Traveling Recommendations for Geneva and Lausanne, Switzerland

Recently I've had several requests from friends who have been traveling to Geneva on what to see/do. To avoid repeating myself, I've coalesced my responses into the following recommendations:

Geneva frankly isn't that much of a destination - it's more of a place to live than it is to visit. While you're there make sure to walk around and see the jet d'eau, some old/important churches, etc. but I think your best bet is to get out of town.

Lausanne is awesome. Check out the Olympic Museum along the lake, the Chateau d'Ouchy nearby, Place St-Francois further up the mountainside, and the cathedral / canton hall (an old castle) even further up.  The train from Geneva to Lausanne is only ~45 minutes. Ouchy, at the shore of the lake, is a former fishing village that is now the summer destination of many of Europe's and the Middle East's rich and famous. Featuring a long promenade, this area is great for strolling and people watching.

For night life the major hub is the Flon district, a filled-in river full of restaurants, bars, and clubs. For good food my absolute favorite is Beau Rivage along the lake - the cafe, not the full restaurant. The full restaurant is Michelin starred and obscenely expensive. The cafe offers the same food and costs 1/3 as much - still not cheap given the damned exchange rate. Further up from Beau Rivage is the Croix d'Ouchy, a little less elegant but just as nice. For authentic Swiss fondue I recommend Cafe Romand near St-Francois or Cafe du Vieil Ouchy on the water. 

Other Ideas
Take the ferry across the lake to Evian.
Take a day trip to Gruyeres and see how cheese and chocolate are made.
Take the train or bus to Lutry and hop on the Lavaux Express, a mini-train that winds through the vineyards and stops for several tastings. Swiss wine is so-so and overpriced, but, when the weather is nice, this makes for a lovely outing.
Nyons and Montreux are particularly scenic with their chateaux right along the lake.  If you go all the way to Montreux (another 15 minutes by train beyond Lausanne), you can see the iconic Freddy Mercury statue near the Jazz Festival location. He, Audrey Hepburn, and some others are buried there.
If you really want to take in many of the towns/chateaux along the lake, take a sunset dinner cruise, which will take you by each one.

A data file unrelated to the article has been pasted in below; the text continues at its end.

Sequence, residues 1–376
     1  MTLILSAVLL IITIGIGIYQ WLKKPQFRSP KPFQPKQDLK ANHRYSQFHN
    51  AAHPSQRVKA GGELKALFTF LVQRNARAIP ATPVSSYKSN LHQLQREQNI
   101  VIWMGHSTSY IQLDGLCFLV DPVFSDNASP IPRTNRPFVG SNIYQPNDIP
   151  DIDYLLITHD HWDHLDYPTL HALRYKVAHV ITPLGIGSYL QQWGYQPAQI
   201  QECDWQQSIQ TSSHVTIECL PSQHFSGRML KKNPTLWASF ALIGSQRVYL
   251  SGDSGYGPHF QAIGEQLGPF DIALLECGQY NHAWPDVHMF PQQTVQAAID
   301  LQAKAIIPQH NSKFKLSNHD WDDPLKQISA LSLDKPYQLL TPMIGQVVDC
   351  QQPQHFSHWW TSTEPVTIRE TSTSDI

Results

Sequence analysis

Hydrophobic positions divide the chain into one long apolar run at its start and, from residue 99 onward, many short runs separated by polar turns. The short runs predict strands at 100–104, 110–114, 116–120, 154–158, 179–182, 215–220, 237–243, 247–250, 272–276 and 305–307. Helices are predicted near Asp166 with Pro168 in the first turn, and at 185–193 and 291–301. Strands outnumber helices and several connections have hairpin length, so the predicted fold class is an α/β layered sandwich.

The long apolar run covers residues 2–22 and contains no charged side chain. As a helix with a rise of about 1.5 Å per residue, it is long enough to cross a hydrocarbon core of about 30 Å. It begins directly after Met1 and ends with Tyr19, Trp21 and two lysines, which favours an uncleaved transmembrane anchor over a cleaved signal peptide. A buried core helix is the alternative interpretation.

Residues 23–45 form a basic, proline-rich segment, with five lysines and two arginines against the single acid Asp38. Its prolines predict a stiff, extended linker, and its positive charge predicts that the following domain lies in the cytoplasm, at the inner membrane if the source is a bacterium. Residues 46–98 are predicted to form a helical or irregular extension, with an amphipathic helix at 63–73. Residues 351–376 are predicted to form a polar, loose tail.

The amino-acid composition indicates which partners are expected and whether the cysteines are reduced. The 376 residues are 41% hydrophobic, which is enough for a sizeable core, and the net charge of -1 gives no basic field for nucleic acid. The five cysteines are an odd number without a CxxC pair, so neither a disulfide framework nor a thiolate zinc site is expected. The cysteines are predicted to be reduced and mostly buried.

What do you think, have I captured it or missed the mark? Any other recommendations to add?


Buenos Aires Part 2

Katie and I are now wrapping up what has really been an awesome trip. Sunday evening we had dinner at a nice Italian restaurant with a friend of a friend who recently moved back to his native Buenos Aires from Houston. Monday we walked downtown and, after lunch with a local Rice alum, we walked to the "must see" sights in that area: the Casa Rosada, the Obelisco, etc.

Monday evening we went for Italian again - this time to a little place called Guido´s! It was such a trip inside, very kitschy with all kinds of Italian and Italian-American memorabilia. It was a set menu featuring whatever Guido happened to be making that evening, course after course of mostly vegetarian antipasti and pasta while we were there. Add to that a good house red wine and a low, low price and we were quite satisfied!

Tuesday I went back downtown, this time for a meeting that one of my IMD classmates had set up with the energy manager of his company. Doing business in Buenos Aires I felt like quite the little jet setter. :) Katie and I then met back up and had lunch at Buenos Aires Verde, a vegetarian/vegan/organic kind of place which was quite good.

Tuesday evening we had dinner at Leopoldo, a modern Argentinian-Asian fusion restaurant that was rumored to be very popular on Tuesdays - and indeed it was! This time we were meeting another IMD alum who had helped my ICP group via conference call four years ago so it was a pleasure to meet in her finally in person. The food was delicious; I went for the beef and paired it with a big ole Malbec - great combo! My beef came with a ¨perfect egg,¨ soft boiled at 63 degrees C for one hour. And it did indeed have an awesome texture. I think I´ll leave that to the pros, though, and keep frying mine up in just a couple of minutes!

Wednesday was supposed to be rainy so Katie and I spent it in the two big art museums: the MALBA and the Museo Nacional de Arte Decorativo. The former is more of a classic art museum while the latter is a converted mansion featuring much of its original owners´ private collection.

After a late lunch, siesta, and run, we had dinner with Felipe, Laura, and their toddler, Celeste, for one last hurrah together. They were excellent hosts while we were here and it was fantastic to finish up our trip with a lazy, simple dinner with them.

We checked out of the hotel this morning but had all day to kill before heading to the airport for our overnight flight. We walked around a bit, relaxed in the park watching all the dogs chase balls, sticks, pigeons, and each other. More walking, another lazy lunch, and finally it is nearly time to go.